"If you had a population of men and women and assumed everyone in that population was an average between men and women you wouldn't represent a single person within that population"
Marc Kirschner, Marrying Microfluidics and Barcoding Technology 1
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To date most work in the genomics field has been at the level of a tissue or bulk population of cells. However, though this has resulted in huge advances in our understanding of genetics and genomics, we have not been able to find out until now what is happening at the cellular level.
When studying bulk cell populations or tissues, an average is drawn by pooling the DNA or RNA from thousands to millions of cells. The results from this can be strongly biased by a few individual cells, meaning findings may not be reflective of individual cells from within that population 2.
Even cells from the same organism or tissue will have different DNA sequences due to mutations and even cells with identical genomes have fluctuations in regulatory molecules and gene expression. This can result in significant deviations between cells within a population 3. With recent advances in high-throughput sequencing technology, there is now the opportunity to obtain information about the genomic and transcriptomic profiles of single cells.
Single-cell approaches provide higher-resolution views of the genomic content of samples by reducing the complexity of the genomic signal through the physical separation of cells or chromosomes.4
Convergence of “Omics” Biology and Single-Cell Biology 3
The major benefit of single cell genomics is that we are now able to analyse very small amounts of material. This opens many doors, including the study of:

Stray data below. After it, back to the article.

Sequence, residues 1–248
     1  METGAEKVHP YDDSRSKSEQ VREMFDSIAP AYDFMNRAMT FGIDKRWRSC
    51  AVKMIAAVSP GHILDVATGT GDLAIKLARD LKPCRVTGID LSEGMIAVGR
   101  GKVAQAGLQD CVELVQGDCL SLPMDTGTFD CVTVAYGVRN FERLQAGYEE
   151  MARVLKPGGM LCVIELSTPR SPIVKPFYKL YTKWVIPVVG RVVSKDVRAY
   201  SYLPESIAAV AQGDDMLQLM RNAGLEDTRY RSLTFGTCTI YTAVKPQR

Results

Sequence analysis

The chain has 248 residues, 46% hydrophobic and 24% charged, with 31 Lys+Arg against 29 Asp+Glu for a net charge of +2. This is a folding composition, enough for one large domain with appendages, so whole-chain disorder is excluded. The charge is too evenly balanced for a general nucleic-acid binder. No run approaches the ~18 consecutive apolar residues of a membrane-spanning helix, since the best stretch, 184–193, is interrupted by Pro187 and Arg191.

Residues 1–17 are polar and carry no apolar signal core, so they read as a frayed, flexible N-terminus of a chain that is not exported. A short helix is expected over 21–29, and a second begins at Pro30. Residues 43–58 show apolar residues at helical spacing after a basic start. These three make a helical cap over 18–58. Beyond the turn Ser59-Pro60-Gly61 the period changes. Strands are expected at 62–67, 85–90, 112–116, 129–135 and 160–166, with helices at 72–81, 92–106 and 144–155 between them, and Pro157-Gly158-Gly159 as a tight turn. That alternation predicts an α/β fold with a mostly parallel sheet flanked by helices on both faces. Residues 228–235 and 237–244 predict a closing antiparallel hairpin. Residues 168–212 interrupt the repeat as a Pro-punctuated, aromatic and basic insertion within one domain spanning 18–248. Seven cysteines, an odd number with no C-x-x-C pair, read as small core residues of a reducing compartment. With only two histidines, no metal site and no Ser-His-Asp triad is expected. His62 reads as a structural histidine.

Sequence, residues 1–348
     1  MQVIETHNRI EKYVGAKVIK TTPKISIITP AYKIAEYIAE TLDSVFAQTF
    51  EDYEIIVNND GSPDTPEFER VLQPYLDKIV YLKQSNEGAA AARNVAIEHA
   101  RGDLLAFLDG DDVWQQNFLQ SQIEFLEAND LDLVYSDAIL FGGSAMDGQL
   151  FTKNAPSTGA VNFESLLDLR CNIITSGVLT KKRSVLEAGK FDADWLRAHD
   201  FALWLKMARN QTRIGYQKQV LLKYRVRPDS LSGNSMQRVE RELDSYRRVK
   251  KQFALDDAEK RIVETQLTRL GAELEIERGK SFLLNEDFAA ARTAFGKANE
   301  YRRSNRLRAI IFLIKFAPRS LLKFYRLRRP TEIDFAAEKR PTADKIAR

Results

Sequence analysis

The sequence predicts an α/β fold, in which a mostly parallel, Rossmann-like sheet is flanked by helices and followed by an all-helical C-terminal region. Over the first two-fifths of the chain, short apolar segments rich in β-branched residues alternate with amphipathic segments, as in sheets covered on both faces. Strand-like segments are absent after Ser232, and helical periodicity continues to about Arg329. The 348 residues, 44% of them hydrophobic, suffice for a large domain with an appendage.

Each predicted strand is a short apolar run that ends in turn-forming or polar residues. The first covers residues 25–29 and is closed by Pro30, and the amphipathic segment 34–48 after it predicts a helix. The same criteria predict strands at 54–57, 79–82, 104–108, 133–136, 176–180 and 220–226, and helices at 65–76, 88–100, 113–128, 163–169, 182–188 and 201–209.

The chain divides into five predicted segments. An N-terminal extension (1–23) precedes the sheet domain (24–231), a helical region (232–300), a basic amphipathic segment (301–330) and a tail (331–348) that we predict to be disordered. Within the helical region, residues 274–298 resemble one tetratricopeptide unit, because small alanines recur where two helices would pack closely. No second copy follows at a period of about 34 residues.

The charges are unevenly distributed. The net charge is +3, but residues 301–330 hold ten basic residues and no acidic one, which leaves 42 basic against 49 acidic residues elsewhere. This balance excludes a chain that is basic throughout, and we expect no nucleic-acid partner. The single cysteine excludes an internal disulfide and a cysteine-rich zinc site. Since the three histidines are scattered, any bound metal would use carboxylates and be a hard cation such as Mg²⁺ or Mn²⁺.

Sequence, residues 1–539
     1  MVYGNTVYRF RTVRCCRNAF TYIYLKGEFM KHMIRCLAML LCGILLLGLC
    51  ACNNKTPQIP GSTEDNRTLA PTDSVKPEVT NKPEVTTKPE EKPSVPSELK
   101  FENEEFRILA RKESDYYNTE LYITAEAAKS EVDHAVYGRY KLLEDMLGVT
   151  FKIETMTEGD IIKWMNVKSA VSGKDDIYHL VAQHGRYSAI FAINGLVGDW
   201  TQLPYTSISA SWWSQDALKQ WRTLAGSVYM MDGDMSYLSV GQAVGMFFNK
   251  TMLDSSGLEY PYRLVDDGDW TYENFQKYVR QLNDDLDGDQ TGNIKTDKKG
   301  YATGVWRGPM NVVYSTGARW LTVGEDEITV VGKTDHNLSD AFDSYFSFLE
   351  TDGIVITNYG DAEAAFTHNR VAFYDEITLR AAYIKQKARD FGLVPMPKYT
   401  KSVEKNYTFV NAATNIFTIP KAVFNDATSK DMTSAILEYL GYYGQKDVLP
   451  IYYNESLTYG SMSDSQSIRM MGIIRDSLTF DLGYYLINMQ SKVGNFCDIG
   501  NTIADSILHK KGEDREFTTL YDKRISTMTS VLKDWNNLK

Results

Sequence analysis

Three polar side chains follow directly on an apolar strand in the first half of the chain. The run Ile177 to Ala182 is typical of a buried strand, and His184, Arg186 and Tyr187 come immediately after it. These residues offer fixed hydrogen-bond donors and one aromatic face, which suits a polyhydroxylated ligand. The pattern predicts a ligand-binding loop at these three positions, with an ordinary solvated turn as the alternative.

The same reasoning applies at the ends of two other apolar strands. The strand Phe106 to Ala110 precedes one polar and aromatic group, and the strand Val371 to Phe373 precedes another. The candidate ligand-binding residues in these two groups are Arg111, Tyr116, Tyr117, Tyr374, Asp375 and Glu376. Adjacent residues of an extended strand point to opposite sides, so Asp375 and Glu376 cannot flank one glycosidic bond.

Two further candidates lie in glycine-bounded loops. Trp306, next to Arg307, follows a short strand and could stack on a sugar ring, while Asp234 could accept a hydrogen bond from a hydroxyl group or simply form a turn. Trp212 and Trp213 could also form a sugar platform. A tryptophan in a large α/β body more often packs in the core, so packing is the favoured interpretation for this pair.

- Unculturable microogranisms 3.
- Populations of rare cells.
- Individual cells within bulk populations - which will advance our understanding heterogeneity and development 5.
For genomic analysis of single cells to be successful, various technical and analytical challenges must be overcome.
From the technical standpoint; individual cells need to be effectively isolated, minute amounts of cellular material need to be amplified into libraries and sequenced. This can lead to the accumulation of non-specific by-products and errors during amplification 6.
From the analytical standpoint; alongside the same challenges faced when analysing all sequencing data there is the additional issue that for statistical significance, many individual cells from a sample must be sequenced (hundreds to thousands). This leads to vast amounts of data, which needs storing, and leads to questions about how to combine the analysis of all these samples efficiently without losing the individual resolution. It is still difficult to distinguish between biological variability and technical noise, which can result in the loss of information about individual cells 5.
Cells passing through a microfluidic system 1
High resolution and high throughput sequencing of single cell genomes has really only been viable for the last decade, and has only been available to the 'masses' in the last 5 years. Nevertheless, it is now a hugely popular and rapidly growing field of research. On Repositive, we are already indexing over 48,000 human single cell sequencing datasets.
Methods for studying single cells